WordReference Random House Learner's Dictionary of American English © 2015
em•brace1 /ɛmˈbreɪs/USA pronunciation
v., -braced, -brac•ing, n. WordReference Random House Unabridged Dictionary of American English © 2015
to clasp in the arms;
hug: [~ + object]He embraced her and told her how glad he was to see her again.[no object]They embraced and kissed.
to accept or adopt willingly[~ + object]I don't know whether they'll embrace your idea.
to include or contain[not: be + ~-ing; ~ + object]The report embraced all aspects of the housing situation.
an encircling hug with the arms:She gave me a warm embrace.
(em brās′), v., -braced, -brac•ing, n.
to take or clasp in the arms;
press to the bosom;
to take or receive gladly or eagerly;
accept willingly:to embrace an idea.
to avail oneself of:to embrace an opportunity.
to adopt (a profession, a religion, etc.):to embrace Buddhism.
to take in with the eye or the mind.
to encircle; surround;
to include or contain:An encyclopedia embraces a great number of subjects.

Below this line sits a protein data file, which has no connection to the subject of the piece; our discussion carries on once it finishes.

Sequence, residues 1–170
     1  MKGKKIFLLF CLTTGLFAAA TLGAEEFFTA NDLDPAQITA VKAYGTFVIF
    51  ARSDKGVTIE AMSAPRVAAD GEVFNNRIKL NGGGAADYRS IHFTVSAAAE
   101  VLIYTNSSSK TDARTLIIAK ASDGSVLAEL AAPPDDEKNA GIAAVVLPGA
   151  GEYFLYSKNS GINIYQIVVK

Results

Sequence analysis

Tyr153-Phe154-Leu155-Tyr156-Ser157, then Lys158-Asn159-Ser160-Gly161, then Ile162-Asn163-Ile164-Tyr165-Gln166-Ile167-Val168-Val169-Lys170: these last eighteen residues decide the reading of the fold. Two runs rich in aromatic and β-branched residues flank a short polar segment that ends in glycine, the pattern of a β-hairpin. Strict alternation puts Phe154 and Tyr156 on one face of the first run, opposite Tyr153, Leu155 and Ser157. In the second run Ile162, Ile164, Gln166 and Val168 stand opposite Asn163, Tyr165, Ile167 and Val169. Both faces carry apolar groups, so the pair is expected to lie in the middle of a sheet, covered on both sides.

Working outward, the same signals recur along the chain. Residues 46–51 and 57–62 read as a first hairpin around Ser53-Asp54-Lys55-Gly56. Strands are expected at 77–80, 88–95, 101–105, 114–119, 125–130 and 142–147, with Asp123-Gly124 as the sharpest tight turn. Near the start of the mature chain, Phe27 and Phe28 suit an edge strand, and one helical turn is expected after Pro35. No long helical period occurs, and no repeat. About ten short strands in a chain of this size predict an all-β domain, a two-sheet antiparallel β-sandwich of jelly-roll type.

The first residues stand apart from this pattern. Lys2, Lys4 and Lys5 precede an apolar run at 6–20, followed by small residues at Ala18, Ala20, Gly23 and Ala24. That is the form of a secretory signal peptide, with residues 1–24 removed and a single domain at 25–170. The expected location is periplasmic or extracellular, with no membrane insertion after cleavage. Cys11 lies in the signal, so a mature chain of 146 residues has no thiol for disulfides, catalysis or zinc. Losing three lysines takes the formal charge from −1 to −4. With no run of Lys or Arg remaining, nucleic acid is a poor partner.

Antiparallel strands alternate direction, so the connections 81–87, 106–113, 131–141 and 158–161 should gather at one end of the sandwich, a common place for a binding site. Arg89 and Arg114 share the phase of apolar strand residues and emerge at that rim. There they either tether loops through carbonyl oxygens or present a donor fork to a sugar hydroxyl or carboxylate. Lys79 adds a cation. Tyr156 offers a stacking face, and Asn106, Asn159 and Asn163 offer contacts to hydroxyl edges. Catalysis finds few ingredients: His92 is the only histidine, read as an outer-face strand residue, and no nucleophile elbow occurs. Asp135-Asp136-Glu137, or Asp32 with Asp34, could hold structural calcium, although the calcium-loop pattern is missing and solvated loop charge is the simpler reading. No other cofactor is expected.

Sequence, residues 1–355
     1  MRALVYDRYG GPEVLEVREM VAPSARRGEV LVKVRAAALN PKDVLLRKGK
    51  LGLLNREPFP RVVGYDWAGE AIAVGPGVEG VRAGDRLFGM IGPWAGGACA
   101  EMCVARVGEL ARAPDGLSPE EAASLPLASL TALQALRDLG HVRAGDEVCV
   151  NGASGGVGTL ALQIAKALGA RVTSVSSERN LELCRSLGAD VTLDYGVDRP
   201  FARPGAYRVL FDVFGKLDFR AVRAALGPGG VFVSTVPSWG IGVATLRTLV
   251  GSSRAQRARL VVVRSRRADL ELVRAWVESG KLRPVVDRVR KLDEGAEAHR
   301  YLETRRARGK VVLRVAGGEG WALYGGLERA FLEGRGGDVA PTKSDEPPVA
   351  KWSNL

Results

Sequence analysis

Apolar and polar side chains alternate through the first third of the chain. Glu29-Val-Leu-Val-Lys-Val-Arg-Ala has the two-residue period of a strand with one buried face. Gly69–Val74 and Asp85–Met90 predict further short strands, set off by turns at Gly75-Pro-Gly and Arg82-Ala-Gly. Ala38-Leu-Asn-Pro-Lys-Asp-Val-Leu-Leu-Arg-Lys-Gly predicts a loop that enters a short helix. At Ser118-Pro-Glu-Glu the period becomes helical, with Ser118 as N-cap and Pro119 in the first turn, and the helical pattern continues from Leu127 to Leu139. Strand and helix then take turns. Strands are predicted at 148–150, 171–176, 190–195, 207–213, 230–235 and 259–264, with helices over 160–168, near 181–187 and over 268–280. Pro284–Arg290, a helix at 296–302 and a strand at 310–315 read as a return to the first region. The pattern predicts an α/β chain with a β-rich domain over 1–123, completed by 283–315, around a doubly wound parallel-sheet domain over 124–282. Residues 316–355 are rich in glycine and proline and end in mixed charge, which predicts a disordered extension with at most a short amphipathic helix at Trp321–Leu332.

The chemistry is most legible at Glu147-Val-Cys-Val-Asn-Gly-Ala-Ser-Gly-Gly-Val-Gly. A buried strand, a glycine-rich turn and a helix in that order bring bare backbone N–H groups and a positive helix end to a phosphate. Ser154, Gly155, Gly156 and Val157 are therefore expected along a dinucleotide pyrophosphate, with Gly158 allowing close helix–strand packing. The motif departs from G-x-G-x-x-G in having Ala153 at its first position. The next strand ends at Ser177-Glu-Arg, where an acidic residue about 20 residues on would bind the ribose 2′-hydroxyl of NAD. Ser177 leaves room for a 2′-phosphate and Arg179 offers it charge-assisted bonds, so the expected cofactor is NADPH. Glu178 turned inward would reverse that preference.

to join in an embrace.
an act or instance of embracing.
2 . adopt, espouse, welcome. 3 . seize. 7 . comprise, cover, embody. See include.
7 . exclude.
(em brās′), v.t., -braced, -brac•ing. [Law.]
- Anglo-French, Old French embracier, equivalent. to em- em-1 + bracier to embrace, derivative of brace the two arms; see brace
- Middle English 1300–50
- Lawto attempt to influence (a judge or jury) through corrupt means.
- Middle French embraser; see em-1, braise)
- late Middle English: to influence, prejudice, bribe (a jury), perh. the same word as embrace1, influenced by embrasen to set on fire ( 1400–1450
Collins Concise English Dictionary © HarperCollins Publishers::
embrace /ɪmˈbreɪs/ vb (mainly tr)
- (also intr) (of a person) to take or clasp (another person) in the arms, or (of two people) to clasp each other, as in affection, greeting, etc; hug
- to accept (an opportunity, challenge, etc) willingly or eagerly
- to take up (a new idea, faith, etc); adopt: to embrace Judaism
- to comprise or include as an integral part
- to encircle or enclose
Etymology: 14th Century: from Old French embracier, from em- + brace a pair of arms, from Latin bracchia armsemˈbraceable adj emˈbracement n emˈbracer n
- the act of embracing
- (often plural) euphemistic sexual intercourse
'embrace' also found in these entries: